copyright 2018 David Bacon
Paola was standing outside the West County Detention Facility, a prison in Richmond, California for 150 to 300 people awaiting deportation, when she got the phone call. She’d been fearing it for days. Florencio, her husband, was in another detention center in Arizona, calling to tell her that la migra (immigration agents) had caught him in the desert, walking north with a dozen others.
Paola (not her real name) hadn’t spoken to Florencio for several weeks, not since the day before he crawled into the luggage compartment of a bus in Puebla in southern Mexico. The bus, he hoped, would take him close to the U.S. border.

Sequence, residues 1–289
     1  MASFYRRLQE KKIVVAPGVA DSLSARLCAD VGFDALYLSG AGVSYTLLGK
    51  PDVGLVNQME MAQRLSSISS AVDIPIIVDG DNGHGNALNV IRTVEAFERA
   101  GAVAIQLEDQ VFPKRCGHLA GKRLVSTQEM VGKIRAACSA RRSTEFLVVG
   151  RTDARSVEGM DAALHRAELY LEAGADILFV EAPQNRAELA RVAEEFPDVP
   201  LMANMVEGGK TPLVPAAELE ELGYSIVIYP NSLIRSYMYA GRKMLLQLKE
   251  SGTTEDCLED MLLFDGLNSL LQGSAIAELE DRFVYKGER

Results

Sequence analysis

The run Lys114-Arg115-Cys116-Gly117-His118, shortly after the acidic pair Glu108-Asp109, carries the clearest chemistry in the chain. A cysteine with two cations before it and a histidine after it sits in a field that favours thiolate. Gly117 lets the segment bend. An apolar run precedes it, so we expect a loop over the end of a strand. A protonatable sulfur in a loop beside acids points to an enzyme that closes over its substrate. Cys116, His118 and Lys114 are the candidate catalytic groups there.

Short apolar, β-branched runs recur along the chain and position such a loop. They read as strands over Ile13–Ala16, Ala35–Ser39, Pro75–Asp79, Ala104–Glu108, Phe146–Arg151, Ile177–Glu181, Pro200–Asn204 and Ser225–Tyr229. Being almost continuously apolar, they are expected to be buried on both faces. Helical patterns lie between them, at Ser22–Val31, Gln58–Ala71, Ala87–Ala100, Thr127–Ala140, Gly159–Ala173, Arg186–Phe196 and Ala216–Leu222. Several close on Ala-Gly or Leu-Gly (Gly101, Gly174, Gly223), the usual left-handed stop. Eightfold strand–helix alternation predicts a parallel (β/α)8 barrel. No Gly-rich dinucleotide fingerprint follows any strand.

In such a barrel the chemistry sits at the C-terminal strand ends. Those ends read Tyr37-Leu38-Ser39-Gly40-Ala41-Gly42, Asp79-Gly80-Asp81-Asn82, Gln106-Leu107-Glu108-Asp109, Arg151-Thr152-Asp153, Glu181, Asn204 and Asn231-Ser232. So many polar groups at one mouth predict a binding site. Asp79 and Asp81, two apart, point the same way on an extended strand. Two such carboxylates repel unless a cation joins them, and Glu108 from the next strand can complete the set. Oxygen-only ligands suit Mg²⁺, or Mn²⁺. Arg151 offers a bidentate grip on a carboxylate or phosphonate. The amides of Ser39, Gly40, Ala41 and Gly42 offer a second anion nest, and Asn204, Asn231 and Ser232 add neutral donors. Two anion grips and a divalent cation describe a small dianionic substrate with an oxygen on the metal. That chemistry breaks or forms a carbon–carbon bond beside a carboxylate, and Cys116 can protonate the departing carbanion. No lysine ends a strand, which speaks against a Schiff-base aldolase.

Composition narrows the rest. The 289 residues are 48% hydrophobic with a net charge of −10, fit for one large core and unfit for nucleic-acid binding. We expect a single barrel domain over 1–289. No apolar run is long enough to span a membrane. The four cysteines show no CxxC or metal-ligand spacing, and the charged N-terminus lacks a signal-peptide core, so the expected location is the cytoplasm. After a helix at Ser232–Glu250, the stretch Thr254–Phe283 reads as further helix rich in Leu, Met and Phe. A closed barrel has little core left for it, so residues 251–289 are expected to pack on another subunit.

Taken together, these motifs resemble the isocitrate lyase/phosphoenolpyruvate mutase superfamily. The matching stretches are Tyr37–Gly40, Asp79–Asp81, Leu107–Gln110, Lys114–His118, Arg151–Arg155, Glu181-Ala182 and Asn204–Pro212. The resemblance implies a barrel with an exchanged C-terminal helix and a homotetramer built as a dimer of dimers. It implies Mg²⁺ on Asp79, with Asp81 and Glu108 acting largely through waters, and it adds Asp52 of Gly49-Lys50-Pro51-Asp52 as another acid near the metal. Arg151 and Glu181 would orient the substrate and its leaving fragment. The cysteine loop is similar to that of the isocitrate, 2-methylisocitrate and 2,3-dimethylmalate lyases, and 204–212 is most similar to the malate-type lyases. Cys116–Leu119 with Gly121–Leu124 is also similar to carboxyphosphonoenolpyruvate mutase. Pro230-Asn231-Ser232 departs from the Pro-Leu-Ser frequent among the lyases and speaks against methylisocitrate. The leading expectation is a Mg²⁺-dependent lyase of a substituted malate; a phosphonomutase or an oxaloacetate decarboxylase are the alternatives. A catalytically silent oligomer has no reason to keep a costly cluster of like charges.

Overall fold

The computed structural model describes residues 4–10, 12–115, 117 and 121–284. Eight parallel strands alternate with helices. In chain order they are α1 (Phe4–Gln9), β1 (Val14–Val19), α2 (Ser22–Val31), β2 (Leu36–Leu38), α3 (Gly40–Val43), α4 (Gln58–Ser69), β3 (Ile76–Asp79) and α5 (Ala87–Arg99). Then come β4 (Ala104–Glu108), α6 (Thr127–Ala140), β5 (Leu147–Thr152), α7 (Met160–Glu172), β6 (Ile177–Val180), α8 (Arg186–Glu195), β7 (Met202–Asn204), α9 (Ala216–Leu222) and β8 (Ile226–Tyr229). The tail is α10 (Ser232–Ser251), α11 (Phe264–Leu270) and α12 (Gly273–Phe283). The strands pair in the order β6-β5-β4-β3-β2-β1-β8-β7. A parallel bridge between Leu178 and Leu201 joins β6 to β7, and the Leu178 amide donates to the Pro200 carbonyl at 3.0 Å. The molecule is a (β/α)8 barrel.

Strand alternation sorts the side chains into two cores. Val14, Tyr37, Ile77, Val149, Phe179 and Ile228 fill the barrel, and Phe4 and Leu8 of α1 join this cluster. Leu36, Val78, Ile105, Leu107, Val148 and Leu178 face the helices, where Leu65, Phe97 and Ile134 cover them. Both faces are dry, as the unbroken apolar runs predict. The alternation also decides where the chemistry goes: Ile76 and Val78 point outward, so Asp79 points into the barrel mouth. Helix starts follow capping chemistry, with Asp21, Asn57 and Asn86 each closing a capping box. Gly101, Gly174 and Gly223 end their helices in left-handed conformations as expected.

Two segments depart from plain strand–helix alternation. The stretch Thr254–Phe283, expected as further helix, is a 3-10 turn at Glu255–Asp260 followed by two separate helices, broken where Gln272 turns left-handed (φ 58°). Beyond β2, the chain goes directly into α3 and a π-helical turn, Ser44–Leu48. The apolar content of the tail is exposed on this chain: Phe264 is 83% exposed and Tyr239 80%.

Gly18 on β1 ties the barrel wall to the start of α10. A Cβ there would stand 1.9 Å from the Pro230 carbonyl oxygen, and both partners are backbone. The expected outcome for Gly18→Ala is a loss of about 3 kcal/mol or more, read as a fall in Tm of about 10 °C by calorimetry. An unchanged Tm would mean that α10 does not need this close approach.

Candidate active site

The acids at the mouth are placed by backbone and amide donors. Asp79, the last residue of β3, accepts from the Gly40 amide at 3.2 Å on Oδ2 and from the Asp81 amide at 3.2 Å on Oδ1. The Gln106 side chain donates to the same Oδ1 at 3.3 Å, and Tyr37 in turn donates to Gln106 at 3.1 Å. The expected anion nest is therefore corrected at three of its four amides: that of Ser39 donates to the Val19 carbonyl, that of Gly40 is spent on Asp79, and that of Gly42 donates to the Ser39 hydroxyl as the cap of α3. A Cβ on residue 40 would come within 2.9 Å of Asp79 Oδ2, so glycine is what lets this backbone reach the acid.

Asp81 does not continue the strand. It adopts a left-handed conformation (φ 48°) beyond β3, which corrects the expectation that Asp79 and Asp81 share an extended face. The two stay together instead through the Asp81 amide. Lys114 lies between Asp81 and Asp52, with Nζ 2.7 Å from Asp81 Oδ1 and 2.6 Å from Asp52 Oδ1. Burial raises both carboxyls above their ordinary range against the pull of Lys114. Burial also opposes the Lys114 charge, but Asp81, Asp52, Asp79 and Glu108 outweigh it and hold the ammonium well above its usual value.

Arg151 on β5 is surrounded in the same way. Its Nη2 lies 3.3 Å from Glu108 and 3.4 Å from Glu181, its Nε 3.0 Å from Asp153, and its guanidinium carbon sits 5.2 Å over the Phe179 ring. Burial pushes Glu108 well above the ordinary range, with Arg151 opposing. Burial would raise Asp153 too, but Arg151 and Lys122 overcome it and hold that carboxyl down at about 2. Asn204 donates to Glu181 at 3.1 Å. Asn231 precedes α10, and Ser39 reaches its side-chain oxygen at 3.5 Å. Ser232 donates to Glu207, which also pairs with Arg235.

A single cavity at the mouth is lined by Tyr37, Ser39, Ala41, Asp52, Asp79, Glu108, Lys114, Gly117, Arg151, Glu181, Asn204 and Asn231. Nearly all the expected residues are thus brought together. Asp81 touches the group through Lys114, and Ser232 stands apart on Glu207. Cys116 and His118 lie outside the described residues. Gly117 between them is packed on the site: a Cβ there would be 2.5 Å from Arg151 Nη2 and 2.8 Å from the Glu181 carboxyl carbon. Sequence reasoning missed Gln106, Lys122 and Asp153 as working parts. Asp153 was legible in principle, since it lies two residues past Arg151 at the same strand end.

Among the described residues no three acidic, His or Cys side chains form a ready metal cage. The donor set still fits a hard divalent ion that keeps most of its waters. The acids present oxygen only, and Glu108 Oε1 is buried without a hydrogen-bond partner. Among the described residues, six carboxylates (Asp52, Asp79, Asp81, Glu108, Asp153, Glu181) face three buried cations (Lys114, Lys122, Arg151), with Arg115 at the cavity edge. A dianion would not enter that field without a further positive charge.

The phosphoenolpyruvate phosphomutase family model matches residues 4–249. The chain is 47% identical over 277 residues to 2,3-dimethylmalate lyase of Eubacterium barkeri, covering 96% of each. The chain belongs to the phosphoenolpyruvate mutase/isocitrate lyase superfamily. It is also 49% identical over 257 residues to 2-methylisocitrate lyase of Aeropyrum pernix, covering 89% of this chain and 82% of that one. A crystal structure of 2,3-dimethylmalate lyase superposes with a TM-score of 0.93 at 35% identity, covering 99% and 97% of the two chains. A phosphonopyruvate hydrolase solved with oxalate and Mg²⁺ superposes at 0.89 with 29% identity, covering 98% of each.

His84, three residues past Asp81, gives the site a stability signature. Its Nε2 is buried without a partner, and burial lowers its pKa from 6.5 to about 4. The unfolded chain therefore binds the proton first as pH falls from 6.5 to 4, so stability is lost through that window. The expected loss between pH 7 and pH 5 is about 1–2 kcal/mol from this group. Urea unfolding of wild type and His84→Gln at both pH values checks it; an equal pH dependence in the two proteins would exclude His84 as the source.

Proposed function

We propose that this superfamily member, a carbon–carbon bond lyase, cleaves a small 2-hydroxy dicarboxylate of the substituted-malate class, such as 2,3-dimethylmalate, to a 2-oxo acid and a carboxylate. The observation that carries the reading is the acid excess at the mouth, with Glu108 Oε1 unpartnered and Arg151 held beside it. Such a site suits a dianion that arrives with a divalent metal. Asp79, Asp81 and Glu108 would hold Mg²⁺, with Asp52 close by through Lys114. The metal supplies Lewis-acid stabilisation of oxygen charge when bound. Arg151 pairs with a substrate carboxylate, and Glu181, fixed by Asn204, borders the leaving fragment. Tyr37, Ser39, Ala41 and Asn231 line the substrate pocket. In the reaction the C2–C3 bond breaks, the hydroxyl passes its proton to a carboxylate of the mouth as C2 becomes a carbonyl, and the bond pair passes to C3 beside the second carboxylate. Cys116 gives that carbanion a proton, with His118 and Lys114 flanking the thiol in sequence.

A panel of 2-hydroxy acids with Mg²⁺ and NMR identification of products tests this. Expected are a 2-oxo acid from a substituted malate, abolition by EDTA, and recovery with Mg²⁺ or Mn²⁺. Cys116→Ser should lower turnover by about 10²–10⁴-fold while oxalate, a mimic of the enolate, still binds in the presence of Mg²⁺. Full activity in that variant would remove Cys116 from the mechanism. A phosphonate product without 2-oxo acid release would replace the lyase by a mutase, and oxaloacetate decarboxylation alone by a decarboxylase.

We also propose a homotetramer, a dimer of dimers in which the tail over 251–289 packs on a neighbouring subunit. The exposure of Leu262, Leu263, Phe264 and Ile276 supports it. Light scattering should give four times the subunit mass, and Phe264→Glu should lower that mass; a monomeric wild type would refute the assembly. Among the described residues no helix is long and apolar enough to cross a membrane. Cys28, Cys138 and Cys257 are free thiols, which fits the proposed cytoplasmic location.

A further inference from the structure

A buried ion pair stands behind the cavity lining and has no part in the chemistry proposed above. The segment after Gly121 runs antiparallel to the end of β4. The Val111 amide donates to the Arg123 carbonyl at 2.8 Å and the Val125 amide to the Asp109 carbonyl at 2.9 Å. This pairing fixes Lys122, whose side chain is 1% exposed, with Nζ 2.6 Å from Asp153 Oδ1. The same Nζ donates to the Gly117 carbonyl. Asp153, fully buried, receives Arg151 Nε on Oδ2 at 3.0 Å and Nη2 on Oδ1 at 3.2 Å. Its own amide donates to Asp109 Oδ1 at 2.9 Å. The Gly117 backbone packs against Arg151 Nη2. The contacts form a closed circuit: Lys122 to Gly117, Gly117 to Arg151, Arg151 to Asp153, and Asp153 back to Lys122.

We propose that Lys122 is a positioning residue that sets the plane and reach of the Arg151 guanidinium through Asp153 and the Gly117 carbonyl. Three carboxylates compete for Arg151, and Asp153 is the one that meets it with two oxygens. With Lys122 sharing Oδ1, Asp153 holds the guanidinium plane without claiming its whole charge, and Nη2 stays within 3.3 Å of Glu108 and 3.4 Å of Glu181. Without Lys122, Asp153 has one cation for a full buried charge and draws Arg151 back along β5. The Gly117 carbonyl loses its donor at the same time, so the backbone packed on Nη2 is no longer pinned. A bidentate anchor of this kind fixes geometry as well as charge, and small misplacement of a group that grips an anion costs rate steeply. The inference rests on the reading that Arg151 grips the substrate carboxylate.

It had already been a harrowing journey for himself and Paola’s brother Lorenzo. “After we left Guatemala and crossed the river into Mexico, we wound up in a kind of camp in Chiapas,” Florencio recalls. “There were hundreds of people there.” When the day to leave on the long trip north finally arrived, the coyotes running the camp organized a kind of shape up. It was not that different from the stories told by an earlier generation of migrants, the braceros (contract farm laborers), who remember being herded together at Mexican way stations, inspected and shipped to the border between 1942 and 1964.